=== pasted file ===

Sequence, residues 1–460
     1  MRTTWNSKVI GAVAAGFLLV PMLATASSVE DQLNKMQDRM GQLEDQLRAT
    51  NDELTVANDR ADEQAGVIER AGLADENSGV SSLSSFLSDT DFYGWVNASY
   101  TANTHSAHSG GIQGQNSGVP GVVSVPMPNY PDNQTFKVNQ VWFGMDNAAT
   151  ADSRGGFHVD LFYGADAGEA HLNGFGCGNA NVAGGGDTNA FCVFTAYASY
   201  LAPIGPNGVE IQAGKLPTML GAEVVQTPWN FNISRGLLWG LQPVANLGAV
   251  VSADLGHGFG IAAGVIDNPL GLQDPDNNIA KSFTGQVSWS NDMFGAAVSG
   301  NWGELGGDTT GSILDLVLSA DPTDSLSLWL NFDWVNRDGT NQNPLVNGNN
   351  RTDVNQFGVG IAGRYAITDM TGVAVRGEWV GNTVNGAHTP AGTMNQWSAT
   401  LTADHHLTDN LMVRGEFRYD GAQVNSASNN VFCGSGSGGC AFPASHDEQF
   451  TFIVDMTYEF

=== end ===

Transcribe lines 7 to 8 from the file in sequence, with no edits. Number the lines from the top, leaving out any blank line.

   251  VSADLGHGFG IAAGVIDNPL GLQDPDNNIA KSFTGQVSWS NDMFGAAVSG
   301  NWGELGGDTT GSILDLVLSA DPTDSLSLWL NFDWVNRDGT NQNPLVNGNN